Q: What does the word tinnitus mean?
A: It is of Latin origin: Tinnitus means to jingle or ring like a bell.
Q: What is tinnitus?
A: The perception of sound (ringing, whistling, hissing, clicking) in the ears or head when no external physical sound is present. The perceived sound is internal and cannot be heard by others. It is generated in the ear, hearing system or brain. It is estimated that 1 out of every 5 people experience tinnitus to some degree.
Q: Is tinnitus a common problem?
A: The American Tinnitus Association (ATA) estimates that roughly 50 million people experience mild to severe tinnitus. Of that group, approximately 12 million people will have it severe enough to seek medical attention.
Q: What causes tinnitus?
Hazardous noise exposure
High frequency hearing loss due to aging
Vascular and Arterial problems
Jaw muscle malfuntions
Excessive wax build-up in ear canal
Sinus and/or ear infection
Head injury or whiplash
Q: What problems can tinnitus cause?
A: Luckily, for most people, it is just a nuisance that is easily ignored. However, for up to 10 million tinnitus sufferers, it cannot be ignored, and is severe enough to seek professional help; for up to 2 million sufferers, it is debilitating. In those cases, the tinnitus may begin a cycle of sleepless nights leading to depression, which, in turn, makes the tinnitus seem even louder.
Q: Can tinnitus be cured?
A: Currently, there is no cure for tinnitus. By cure, we mean a complete silence the tinnitus. There are exceptions: If tinnitus is caused by earwax, TMJ, or other curable condition, it might go away following successful medical intervention. However there are successful treatment programs available which will provide significant tinnitus relief.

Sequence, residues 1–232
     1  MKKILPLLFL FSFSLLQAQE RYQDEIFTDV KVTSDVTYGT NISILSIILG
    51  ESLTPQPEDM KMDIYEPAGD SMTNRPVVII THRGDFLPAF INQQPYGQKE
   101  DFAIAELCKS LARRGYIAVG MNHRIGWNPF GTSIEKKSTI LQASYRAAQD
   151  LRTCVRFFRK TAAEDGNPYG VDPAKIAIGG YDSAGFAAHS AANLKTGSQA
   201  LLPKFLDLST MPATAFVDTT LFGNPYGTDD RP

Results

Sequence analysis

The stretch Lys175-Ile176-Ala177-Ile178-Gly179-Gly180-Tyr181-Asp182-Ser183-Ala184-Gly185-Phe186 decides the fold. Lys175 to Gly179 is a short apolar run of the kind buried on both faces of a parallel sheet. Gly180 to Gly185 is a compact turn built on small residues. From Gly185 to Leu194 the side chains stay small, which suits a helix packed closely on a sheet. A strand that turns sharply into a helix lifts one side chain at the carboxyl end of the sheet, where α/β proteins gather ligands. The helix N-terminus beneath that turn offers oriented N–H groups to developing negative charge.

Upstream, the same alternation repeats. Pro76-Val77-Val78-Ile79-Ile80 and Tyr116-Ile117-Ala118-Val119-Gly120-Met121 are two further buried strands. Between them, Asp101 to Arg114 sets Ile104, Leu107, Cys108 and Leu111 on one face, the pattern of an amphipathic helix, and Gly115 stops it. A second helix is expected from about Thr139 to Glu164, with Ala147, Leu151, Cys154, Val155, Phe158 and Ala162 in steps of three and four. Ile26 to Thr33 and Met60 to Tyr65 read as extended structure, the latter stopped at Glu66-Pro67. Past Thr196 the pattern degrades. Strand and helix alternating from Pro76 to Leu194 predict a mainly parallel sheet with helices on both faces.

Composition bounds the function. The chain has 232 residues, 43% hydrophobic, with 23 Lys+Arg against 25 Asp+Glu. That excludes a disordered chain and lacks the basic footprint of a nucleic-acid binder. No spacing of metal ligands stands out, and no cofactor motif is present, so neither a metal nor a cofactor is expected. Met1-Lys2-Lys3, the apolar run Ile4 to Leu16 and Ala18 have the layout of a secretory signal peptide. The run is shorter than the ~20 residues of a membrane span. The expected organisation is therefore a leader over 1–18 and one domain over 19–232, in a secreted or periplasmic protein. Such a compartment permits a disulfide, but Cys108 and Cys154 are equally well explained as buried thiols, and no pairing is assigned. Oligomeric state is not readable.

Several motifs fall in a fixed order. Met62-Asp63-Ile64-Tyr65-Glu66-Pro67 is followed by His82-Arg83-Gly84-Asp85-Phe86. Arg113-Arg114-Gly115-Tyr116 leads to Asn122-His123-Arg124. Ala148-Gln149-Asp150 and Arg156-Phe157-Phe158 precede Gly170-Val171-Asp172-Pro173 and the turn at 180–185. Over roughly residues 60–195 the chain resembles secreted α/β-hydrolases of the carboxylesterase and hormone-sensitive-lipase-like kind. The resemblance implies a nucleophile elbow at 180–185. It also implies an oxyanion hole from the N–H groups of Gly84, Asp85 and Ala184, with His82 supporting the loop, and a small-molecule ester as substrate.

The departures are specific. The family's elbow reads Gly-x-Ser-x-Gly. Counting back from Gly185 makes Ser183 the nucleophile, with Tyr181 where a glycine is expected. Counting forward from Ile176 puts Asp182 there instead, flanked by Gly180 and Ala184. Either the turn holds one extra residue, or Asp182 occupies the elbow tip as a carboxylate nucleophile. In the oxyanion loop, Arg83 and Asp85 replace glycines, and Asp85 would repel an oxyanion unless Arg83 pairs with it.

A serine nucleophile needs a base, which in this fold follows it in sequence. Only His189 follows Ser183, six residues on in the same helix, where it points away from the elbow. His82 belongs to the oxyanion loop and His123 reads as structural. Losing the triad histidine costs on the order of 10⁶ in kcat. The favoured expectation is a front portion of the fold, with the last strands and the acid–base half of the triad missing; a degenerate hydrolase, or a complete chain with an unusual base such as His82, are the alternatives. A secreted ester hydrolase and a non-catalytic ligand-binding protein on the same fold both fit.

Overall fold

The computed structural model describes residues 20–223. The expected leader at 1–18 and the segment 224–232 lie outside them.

Q: Why is my tinnitus more noticeable at night?
A: The distraction of daily activities and surrounding sounds will mask your tinnitus or divert your attention away from it. Often, in a quiet environment, tinnitus will seem more intense. The best advice is to avoid silence. A noise pillow, fountain or bedside noise machine may be helpful.
Q: Do's and Don'ts that may lessen the intensity of tinnitus
Try to avoid focusing on your tinnitus
Get ample rest
Try to exercise daily
Decrease sodium intake
Have your blood pressure checked
Protect your hearing, avoid loud sounds
Q: What are some treatment options.
TRT (Tinnitus Retraining Therapy)
Counseling without sound therapy
Q: What devices are used for sound therapy?
A: A device that looks much like a hearing aid called a noise generator is the most common treatment when there is no hearing loss accompanying the tinnitus(see tinnitus devices in Tinnitus Treatments section of this website). The instrument should be totally non-occluding so that it does not interfere with normal hearing, and should present a pleasant sound similar to that of a shower. Much of the time, this sound will reduce stress and decrease the loudness of the tinnitus. In cases where there is tinnitus and hearing loss, a combo device that delivers both soothing noise for the tinnitus, and amplification for communication needs may be employed.
Q: What other hearing-related complaints may accompany tinnitus?
Hearing loss. A decrease in hearing sensitivity with a combination amplifier and noise generator.
Hyperacusis. An abnormally strong reaction to an environmental sound with no differentiation from soft to medium to loud
Q: What is hyperacusis?
A: Hyperacusis is a rare hearing disorder whereby a person perceives normal environmental sounds to be abnormally, even unbearably, loud. It is often, but not always accompanied by tinnitus and/or hearing loss. Hyperacusis is very treatable with desensitization sound therapy.
Q: If you suspect that you might have tinnitus...
A: Be seen by an Audiologist specializing in tinnitus
Try to enrich your daily life with enjoyable sounds that will help you avoid focusing on your tinnitus